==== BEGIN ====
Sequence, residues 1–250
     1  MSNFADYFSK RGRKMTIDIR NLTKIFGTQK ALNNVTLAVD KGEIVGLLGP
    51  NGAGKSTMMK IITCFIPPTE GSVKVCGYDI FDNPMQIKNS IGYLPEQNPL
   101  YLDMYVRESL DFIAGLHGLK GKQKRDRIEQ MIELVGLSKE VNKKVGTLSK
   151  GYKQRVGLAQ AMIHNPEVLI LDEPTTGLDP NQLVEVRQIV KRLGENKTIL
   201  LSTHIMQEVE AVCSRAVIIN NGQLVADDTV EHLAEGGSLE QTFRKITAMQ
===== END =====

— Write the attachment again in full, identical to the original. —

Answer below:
Sequence, residues 1–250
     1  MSNFADYFSK RGRKMTIDIR NLTKIFGTQK ALNNVTLAVD KGEIVGLLGP
    51  NGAGKSTMMK IITCFIPPTE GSVKVCGYDI FDNPMQIKNS IGYLPEQNPL
   101  YLDMYVRESL DFIAGLHGLK GKQKRDRIEQ MIELVGLSKE VNKKVGTLSK
   151  GYKQRVGLAQ AMIHNPEVLI LDEPTTGLDP NQLVEVRQIV KRLGENKTIL
   201  LSTHIMQEVE AVCSRAVIIN NGQLVADDTV EHLAEGGSLE QTFRKITAMQ